Since the late 2000s the Russian military has planned to develop helicopter carrying amphibious assault ships domestically under a program similar to the South Korean Dokdo Class and French Mistral Class. In August 2009, Chief of the Russian General Staff General Nikolai Makarov suggested that Russia enter a joint project with France to develop these warships, first purchasing one carrier from French builders and constructing three more in Russia itself. Makarov stated that while Russia would be able to undertake such a program and build these warships to a similar standard domestically, doing so would require a ten year delay to develop the necessary technologies - hence why a joint program was preferable to provide the carriers at an earlier date. Seeking to support its flagging domestic shipbuilding industry, French President Nicolas Sarkozy pressed for the first two warships to be built in France and the second two in Russia - both of which would make extensive use of Russian components. Two more would then be built in Russia under a joint venture, providing Russia with a fleet of four of the light carriers. These warships were French Mistral Class vessels, and the joint program was set to considerably strengthen Russia’s military shipbuilding capabilities - which following the collapse of the Soviet Union and loss of shipyards in Ukraine had flagged considerably.
France would go on to cancel the contract to provide Mistral Class warships to Russia after their completion, which came as a response to heightened tensions between Moscow and the Western Bloc due to a clash of interests in Ukraine in 2014. Russia has since worked to develop the capabilities to built light carrier warships domestically, and according to Navy Deputy Commander in Chief Viktor Bursuk the country is scheduled to begin construction of the first warship in 2020. The official indicated that two amphibious assault ship variants were planned, which he referred to as a “universal amphibious assault ship” and “large amphibious assault ship.” According to Deputy Defence Minister Yuri Borisov and a number of other Russian defence ministry sources, the first of the warships are set to enter service in the early 2020s. The decision to develop two carrier types in parallel closely mirrors the Japanese Navy’s approach, developing the Izumo Class and the lighter Hyuga Class and inducting two of each vessel into service.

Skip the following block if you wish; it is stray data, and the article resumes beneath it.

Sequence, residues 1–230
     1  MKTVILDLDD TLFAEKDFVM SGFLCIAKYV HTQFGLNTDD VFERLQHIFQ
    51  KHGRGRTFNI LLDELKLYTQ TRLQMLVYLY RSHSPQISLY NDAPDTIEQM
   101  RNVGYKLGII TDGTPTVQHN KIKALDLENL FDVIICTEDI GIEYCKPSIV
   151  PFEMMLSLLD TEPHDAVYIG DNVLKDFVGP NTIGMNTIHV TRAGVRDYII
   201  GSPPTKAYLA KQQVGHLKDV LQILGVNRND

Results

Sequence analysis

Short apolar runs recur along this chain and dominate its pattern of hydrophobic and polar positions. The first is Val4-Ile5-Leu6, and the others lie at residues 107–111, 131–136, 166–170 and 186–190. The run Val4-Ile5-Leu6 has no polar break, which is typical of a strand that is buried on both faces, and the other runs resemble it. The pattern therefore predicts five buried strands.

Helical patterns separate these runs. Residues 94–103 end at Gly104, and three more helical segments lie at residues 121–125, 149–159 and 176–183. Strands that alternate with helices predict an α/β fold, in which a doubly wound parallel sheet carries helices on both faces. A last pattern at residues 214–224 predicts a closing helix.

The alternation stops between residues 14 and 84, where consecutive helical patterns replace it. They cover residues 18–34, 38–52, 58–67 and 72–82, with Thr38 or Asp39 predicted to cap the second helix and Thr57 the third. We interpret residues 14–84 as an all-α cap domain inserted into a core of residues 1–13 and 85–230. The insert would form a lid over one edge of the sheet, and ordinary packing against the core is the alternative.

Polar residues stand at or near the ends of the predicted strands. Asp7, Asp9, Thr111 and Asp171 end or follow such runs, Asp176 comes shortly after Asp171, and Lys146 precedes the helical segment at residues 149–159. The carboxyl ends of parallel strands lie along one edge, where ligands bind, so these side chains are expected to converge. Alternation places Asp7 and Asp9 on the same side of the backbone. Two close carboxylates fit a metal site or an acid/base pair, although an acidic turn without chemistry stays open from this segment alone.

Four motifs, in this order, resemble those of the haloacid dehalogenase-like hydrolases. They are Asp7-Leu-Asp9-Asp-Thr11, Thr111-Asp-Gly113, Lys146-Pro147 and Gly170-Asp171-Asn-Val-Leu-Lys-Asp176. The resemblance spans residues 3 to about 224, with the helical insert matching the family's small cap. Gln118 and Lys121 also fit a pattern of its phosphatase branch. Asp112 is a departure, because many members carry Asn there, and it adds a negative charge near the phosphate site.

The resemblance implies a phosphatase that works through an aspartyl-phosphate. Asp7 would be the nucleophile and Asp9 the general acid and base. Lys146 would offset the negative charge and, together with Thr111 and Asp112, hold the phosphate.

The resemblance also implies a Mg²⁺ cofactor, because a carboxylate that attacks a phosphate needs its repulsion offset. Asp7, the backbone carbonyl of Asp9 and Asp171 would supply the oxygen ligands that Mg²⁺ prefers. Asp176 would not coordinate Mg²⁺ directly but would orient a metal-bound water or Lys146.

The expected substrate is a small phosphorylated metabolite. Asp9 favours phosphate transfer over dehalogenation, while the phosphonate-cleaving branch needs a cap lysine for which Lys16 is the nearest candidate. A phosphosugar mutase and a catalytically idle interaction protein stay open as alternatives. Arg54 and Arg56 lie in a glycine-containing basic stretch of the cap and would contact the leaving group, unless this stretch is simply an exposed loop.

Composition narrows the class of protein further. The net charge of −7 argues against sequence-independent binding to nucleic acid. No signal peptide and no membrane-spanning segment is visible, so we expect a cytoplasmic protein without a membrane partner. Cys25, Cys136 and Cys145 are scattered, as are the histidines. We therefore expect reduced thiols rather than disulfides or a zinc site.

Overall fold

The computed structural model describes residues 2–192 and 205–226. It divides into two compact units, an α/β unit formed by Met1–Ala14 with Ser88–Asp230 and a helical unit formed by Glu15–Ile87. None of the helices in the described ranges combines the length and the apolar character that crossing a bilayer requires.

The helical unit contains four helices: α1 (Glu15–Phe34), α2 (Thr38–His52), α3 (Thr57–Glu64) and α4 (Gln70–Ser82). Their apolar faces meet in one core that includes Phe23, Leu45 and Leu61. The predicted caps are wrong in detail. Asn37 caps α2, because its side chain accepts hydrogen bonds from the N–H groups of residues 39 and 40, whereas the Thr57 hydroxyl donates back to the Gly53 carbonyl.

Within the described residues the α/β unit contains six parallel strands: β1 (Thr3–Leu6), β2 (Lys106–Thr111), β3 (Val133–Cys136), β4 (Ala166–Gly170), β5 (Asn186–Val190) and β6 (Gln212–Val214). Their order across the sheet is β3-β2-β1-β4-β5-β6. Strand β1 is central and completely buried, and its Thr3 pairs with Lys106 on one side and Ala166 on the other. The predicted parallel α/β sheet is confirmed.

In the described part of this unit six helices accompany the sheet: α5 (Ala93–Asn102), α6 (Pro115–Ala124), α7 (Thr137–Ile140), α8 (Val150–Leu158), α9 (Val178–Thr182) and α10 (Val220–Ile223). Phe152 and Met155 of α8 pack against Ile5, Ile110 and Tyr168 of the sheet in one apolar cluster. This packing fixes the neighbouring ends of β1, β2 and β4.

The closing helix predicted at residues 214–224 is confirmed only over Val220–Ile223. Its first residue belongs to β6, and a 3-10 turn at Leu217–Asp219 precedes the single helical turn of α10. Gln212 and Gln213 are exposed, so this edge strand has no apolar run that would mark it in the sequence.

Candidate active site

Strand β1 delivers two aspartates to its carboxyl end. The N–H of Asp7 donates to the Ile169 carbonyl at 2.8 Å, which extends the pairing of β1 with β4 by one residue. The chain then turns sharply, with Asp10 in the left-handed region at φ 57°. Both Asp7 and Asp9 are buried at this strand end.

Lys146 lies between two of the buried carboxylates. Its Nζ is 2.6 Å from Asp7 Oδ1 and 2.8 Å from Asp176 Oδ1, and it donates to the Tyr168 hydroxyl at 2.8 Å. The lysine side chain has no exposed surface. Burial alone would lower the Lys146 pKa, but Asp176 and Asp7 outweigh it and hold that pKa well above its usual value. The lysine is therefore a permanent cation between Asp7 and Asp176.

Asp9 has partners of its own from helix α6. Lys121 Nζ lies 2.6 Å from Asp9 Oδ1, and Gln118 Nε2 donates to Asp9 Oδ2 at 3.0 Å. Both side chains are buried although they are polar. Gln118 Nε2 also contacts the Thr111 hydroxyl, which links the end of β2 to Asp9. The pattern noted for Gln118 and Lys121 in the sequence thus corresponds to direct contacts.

Assuming a similar size to the Mistral Class vessels, Russia’s new carrier will be by far the largest surface warships the country’s navy has commissioned since the fragmentation of the Soviet Union. Russia has since focused heavily on expanding its attack and ballistic submarine fleets, and has yet to construct any surface vessels larger than a frigate for its fleet - relying heavily on modernising its large Soviet era destroyers. With only a limited number of destroyers available, Russia’s new carriers are likely to be heavily armed to reduce the need for a large escort fleet - much as the country’s Kuznetsov Class and the Soviet Kiev Class carriers were. It also remains a possibility, particularly for the ‘large amphibious assault ship’ referred to by the Deputy Commander in Chief, that Russia may well develop a new fixed wing aircraft to operate from its warships. With these ships potentially approaching the size of the Japanese Izumo Class or even the Untied States' own American Class carrier warships, this remains a considerable possibility. Much like the United States developed the F-35B with short takeoff vertical landing (STOVL) to operate from its own amphibious assault ships, so too did the Soviet Union before it develop Yak-38 Vertical Takeoff and Landing (VTOL) strike fighter to operate from its own Kiev Class vessels - which lacked runways entirely. These aircraft served until the year of the Soviet disintegration, when the more advanced Yakovlev 141 VTOL fighter was also cancelled with four prototypes built. The possibility of a resurrection of the Yak-141 program, or a derivative program making use of similar technologies, remains a considerable possibility for the Russian Navy to equip its new carriers - thus allowing it to field a larger force of fixed wing aircraft carrying warships without the costs of developing and operating a vessel the size of the Kuznetsov, Ulaynovsk or SHOTRM ships. Whether the development of new carriers for the Russian Navy will herald a renaissance in the country’s shipbuilding, and lead to the commissioning of destroyers and other large surface warships in future, remains to be seen.